Residents and political gladiators in Plateau and Kano States have been engulfed with tension as both states await Appeal Court judgement on the governorship election.
Recall that Kano State governor, Abba Kabir Yusuf of the New Nigeria People’s Party, was sacked by the election petitions tribunal, which ordered Nasir Yusuf Gawuna of the All Progressives Congress to be sworn as governor.
However, Governor Yusuf then approached the Court of Appeal to reverse the tribunal’s ruling.
The situation is a bit different in Plateau where the sacking of all PDP lawmakers by the appellate court has further heightened tension in the state over whether or not the governor would survive the political tsunami, according to Politics Nigeria.
Both states have been the most volatile in the country, with recurring ethnic, religious and political crises leading to the loss of thousands of lives and property.
Worried about how political supporters might react to the judgement of the appellate court, the police in Kano have already raised the security level in the state with the deployment of more personnel to strategic places in the state metropolis.
Meanwhile, police have banned political gatherings and cautioned against “preparation for violent processions, protests, or celebrations that may trigger reactions”.
The state police commissioner, Usaini Gumel, who assured residents of adequate security before and after the judgement, advised residents against unguarded statements or engaging in violent protests or celebrations that may ignite reactions in the commercial city.
Residents of both states have expressed concerns despite the fact that the judgements would be delivered in Abuja, not knowing the exact day has placed them in strung-up conditions.
“You know, if the date was clear by now, we would have made adequate plans to stay indoors. But I know for certain that even if my children have gone to school on the day the judgement will be delivered, I will rush there and bring them back home. I don’t trust these politicians and their supporters. You know how desperate they can be,” a father of three in Kano, who asked not to be named, said.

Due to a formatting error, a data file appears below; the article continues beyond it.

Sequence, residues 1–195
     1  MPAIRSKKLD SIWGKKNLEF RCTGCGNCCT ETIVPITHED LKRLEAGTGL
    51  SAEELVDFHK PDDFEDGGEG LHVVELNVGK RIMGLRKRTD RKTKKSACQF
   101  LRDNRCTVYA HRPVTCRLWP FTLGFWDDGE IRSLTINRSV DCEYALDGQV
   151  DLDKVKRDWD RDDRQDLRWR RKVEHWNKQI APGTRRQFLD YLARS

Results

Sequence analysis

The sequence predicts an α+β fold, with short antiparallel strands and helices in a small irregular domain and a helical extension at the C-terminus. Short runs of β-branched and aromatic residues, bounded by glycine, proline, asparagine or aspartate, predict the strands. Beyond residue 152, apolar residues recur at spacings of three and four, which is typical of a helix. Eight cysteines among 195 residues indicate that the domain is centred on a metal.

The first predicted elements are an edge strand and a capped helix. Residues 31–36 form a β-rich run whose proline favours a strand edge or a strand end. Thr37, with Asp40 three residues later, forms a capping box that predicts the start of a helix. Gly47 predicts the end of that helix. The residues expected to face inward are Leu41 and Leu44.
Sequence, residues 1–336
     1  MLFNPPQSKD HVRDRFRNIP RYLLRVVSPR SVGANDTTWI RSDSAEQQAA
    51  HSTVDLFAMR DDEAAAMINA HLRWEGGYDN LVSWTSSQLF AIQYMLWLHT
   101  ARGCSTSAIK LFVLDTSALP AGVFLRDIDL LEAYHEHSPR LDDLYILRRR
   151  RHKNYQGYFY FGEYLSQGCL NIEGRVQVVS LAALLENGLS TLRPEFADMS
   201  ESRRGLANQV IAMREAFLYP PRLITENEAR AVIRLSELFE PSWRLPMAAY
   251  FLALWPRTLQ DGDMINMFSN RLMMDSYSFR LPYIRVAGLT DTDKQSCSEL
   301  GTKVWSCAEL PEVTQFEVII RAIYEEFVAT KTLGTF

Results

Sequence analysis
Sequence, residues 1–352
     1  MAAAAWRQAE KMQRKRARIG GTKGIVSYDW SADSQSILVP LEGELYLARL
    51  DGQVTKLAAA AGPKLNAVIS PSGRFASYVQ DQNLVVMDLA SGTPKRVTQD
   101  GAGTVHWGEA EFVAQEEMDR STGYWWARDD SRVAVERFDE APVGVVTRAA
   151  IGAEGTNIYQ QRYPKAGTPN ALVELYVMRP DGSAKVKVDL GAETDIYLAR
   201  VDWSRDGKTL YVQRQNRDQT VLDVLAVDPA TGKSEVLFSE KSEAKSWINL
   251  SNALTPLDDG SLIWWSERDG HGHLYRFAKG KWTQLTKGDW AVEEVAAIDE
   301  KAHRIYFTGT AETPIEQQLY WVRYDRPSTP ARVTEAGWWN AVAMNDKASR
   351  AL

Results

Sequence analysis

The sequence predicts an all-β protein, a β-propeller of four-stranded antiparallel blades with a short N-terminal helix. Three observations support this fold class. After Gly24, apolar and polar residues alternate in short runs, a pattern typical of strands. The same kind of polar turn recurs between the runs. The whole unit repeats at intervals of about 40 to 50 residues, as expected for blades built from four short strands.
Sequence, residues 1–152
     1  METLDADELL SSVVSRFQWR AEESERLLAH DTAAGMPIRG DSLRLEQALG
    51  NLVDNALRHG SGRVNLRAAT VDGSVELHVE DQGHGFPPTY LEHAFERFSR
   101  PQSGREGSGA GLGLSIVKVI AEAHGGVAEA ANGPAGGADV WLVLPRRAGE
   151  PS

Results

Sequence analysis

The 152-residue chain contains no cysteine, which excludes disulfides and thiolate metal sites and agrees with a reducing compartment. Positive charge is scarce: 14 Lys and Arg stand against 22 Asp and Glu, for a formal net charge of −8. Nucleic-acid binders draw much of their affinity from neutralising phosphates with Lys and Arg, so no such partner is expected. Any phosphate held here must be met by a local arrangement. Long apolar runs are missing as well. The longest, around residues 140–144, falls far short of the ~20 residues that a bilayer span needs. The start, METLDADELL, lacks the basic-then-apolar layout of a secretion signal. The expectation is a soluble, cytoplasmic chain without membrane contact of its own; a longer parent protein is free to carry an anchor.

Unlike other states, where one or two lawmakers of a political party were sacked by the appellate court, all seven PDP lawmakers in the National Assembly from Plateau State were dismissed by the Appeal Court sitting in Abuja.
Five members of the House of Representatives and two senators of the PDP lost their seats at the court of appeals.
They were all sacked on the same ground of lack of party structure following what the court described as “refusal of the PDP to conduct congresses from ward to state levels in the LGAs of the state, as ordered by Justice S. P. Gang of a Jos High Court, who earlier nullified the PDP Congress in 2021.”
The appellate court, in its previous decisions that saw the end of all the PDP lawmakers in the National Assembly from the state, ruled that all those who contested elections on the platform of the PDP were independent candidates, which, according to the court, is alien to the Nigerian constitution.
But the PDP had repeatedly told the various courts that it complied with the earlier court order by the Jos High Court and repeated the congress, emphasising that the issue of nomination and qualification of candidates is purely a party affair and therefore all the lawmakers elected on its platform were duly elected.
This development, which is feared may affect the governor’s chances too, led to a series of protests in the state.
Meanwhile, residents of the two states have urged the court to be free and fair to all parties, adding that whichever way the judgement came, should be embraced by all and sundry.
Balarabe Tanko Yakasai, a Kano resident and businessman, said both Governor Abba Kabir Yusuf and Nasiru Gawuna are his friends, and he does want to be partisan but only wants the best for Kano that will not lead to unrest.
Sheriff Omotayo Oyewopo, a university lecturer in Jos, called on all parties to respect the decision of the court.
“It is not only when the judgement goes in your favour that it should be respected. Even if it is not in your favour, you should respect it. It is about the interest of the generality of the state,” he said.
On his part, Gad Peter, the Executive Director, Cleen Foundation, appealed to the public to “not take the law into their hands because I believe that one of the reasons people go to court is to avoid taking the law into their hands.”